Posts Tagged ‘HPV vaccine’

Get vaccinated before pregnancy

Tuesday, August 28th, 2018

If you’re planning a pregnancy, make sure that you are up-to-date on all of your vaccinations. Vaccinations contain medicine that makes you immune to certain diseases. If you’re immune, you can’t get the disease. You can get vaccinations to prevent certain infections, like chickenpox and rubella (also called German measles), that can harm you and your baby during pregnancy.

Why do adults need vaccinations?

You probably got vaccinations as a child, but they don’t all protect you your whole life. Over time, some vaccinations stop working. So you may need what’s called a booster shot as an adult. And there may be new vaccinations that weren’t available when you were young.

What vaccinations do you need before pregnancy?

If you’re thinking about getting pregnant, get a preconception checkup. This is a medical checkup you get before pregnancy to help make sure you’re healthy when you get pregnant. At your checkup, ask your provider if you need any vaccinations and how long to wait after getting them to try to get pregnant.

Your provider may recommend these vaccinations before you get pregnant:

  • Flu (also called influenza). Get the flu vaccine once a year before flu season (October through May). There are many different flu viruses, and they’re always changing. Each year a new flu vaccine is made to protect against three or four flu viruses that are likely to make people sick during the upcoming flu season. If you get the flu during pregnancy, you’re more likely than other adults to have serious complications, such as pneumonia.
  • HPV (stands for human papillomavirus). This vaccine protects against the infection that causes genital warts and cervical cancer. The Centers for Disease Control and Prevention (also called CDC) recommends that women up to age 26 get the HPV vaccine. You can’t get the HPV vaccine during pregnancy, so if you need it, get it before you get pregnant.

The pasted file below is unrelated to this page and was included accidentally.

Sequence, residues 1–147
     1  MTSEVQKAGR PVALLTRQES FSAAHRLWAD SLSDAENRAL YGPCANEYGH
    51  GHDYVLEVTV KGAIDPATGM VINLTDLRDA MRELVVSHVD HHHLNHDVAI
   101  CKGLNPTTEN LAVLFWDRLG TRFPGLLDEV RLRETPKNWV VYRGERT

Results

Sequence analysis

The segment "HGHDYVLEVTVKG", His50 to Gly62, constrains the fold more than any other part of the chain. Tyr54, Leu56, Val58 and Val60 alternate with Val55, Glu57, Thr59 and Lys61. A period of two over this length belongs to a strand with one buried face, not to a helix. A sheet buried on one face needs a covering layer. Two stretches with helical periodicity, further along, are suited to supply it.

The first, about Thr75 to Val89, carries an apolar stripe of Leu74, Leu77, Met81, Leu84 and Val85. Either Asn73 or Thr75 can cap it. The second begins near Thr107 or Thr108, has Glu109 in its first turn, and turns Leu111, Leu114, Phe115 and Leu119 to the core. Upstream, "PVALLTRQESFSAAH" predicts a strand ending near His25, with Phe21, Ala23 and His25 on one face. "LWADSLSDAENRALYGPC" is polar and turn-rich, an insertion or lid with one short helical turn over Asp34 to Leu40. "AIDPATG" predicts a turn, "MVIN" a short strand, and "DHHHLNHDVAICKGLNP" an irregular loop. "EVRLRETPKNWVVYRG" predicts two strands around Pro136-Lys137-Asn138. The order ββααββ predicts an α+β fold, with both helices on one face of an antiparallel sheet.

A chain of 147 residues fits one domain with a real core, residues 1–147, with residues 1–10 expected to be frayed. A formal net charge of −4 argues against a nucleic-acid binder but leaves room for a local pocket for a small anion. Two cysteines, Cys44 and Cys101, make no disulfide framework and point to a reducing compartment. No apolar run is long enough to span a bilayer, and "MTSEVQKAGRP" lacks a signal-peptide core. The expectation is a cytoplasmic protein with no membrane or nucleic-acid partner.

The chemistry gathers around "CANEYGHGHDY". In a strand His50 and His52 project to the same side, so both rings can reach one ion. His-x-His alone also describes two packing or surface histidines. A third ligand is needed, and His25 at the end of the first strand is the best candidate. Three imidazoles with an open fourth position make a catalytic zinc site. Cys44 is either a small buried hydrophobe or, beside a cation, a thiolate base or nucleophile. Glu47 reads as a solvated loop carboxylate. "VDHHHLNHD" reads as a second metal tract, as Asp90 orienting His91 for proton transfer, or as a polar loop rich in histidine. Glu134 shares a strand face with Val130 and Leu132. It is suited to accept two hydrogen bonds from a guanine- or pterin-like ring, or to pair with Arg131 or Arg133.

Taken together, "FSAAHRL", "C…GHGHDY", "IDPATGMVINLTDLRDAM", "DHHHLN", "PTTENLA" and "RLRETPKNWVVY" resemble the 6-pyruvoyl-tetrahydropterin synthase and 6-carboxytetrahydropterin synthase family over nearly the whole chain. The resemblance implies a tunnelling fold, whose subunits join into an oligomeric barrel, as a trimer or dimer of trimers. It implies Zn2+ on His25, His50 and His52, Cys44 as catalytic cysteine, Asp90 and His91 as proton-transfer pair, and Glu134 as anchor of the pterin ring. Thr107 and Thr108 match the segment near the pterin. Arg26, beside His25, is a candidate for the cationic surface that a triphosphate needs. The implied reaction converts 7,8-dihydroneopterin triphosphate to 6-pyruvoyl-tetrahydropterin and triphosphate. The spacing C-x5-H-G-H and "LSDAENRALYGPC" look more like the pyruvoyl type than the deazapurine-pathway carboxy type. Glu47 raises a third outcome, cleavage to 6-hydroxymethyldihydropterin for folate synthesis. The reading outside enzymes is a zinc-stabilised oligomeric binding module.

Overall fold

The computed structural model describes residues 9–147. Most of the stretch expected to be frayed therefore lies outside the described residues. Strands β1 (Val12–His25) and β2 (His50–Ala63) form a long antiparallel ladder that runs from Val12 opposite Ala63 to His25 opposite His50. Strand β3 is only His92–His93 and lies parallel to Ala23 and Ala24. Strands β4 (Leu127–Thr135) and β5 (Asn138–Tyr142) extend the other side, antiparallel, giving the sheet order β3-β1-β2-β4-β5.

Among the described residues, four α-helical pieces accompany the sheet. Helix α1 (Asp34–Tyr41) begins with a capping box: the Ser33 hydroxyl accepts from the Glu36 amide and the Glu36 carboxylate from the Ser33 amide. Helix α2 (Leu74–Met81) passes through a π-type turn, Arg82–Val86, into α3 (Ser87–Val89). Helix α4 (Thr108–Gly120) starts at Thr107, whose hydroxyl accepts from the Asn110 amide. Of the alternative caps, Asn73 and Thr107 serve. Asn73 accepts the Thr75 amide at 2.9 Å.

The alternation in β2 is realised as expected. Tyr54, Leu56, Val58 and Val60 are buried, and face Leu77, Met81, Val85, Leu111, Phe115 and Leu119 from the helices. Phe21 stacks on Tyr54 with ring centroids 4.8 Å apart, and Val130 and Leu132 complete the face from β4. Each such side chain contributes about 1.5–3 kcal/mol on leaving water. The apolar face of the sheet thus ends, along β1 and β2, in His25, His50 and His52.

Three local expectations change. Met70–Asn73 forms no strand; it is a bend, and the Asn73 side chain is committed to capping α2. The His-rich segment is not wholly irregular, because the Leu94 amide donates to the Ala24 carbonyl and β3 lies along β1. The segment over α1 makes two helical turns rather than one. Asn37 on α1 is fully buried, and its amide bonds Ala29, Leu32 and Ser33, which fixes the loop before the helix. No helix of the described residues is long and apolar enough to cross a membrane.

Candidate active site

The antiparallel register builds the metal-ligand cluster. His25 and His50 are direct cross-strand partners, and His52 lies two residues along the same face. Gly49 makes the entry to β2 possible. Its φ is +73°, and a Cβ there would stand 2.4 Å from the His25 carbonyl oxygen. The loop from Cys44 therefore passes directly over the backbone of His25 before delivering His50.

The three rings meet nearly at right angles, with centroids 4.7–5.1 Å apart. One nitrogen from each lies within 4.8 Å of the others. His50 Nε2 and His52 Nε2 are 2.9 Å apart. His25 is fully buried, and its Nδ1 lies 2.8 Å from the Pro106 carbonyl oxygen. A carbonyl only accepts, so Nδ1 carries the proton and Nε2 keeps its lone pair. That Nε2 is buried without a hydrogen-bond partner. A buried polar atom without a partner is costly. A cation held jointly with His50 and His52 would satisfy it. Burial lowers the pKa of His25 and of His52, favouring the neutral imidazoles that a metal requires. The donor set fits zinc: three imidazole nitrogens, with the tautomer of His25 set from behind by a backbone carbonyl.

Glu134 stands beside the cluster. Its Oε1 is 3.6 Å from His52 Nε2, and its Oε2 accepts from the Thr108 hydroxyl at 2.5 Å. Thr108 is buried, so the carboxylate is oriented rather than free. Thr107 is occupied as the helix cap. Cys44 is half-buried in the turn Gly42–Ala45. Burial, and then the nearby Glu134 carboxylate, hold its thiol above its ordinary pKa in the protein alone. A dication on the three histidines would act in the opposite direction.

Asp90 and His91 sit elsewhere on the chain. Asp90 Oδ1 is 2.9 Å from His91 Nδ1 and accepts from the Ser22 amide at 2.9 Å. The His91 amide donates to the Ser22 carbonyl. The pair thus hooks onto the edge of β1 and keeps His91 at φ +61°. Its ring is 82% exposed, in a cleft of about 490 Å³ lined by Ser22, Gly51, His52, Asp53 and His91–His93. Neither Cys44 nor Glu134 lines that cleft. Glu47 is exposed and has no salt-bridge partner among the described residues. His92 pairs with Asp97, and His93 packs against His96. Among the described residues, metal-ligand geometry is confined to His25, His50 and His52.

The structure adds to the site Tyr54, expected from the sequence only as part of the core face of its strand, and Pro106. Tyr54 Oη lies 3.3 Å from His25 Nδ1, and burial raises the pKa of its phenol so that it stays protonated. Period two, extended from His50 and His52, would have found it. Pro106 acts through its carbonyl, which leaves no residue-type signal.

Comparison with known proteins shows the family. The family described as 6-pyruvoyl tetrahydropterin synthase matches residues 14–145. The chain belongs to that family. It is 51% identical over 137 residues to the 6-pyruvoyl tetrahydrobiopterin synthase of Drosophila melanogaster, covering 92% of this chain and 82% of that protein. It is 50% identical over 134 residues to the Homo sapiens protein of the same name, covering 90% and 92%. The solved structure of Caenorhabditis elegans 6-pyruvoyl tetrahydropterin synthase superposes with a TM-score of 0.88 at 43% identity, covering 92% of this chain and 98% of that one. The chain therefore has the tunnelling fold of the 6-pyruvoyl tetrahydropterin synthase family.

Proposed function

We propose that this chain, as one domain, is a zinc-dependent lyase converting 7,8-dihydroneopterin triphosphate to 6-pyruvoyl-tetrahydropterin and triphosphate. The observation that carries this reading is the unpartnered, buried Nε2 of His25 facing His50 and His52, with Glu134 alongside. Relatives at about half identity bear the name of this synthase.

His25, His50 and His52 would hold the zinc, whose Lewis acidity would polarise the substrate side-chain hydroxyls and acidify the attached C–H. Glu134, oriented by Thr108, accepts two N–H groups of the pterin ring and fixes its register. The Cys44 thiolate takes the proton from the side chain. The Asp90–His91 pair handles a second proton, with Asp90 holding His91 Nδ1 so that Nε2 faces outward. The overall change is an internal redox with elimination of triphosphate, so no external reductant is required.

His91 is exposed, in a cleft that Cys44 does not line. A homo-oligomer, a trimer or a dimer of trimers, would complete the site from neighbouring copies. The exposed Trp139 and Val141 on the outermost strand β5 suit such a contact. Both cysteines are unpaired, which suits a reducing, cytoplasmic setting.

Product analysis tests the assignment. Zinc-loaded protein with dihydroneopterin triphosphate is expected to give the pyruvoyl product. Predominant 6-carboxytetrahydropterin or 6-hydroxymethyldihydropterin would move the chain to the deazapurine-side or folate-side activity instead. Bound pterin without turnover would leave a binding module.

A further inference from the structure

• MMR (stands for measles, mumps and rubella). This vaccine protects you against the measles, mumps and rubella. Wait 4 weeks after you get an MMR vaccination before you get pregnant.
  • Varicella (also called chickenpox). Chickenpox is an infection that causes itchy skin, rash and fever. It’s easily spread and can cause birth defects if you get it during pregnancy. If you’re thinking about getting pregnant and you never had the chickenpox or the vaccine, tell your provider. Wait 1 month after you get this vaccination to get pregnant.

Your provider may recommend other vaccinations before pregnancy to protect you against certain diseases, depending on your risk. These include:

  • Pneumonia. This is an infection in one or both lungs.
  • Meningitis. This is an infection that causes swelling in the brain and spinal cord.
  • Hepatitis A and B. These are liver infections caused by the hepatitis A and B viruses.
  • Haemophilus Influenzae Type b (also called Hib). This is a serious disease caused by bacteria. It can cause meningitis, pneumonia, other serious infections and death.
  • Tdap (stands for tetanus, diphtheria, and pertussis). Pertussis also is called whooping cough. In some cases, providers recommend a Td vaccination, which protects against tetanus and diphtheria but not pertussis. Ask your provider what’s best for you.

Learn more about vaccinations before and during pregnancy at: marchofdimes.org

STDs can be harmful to you and your baby

Friday, April 8th, 2016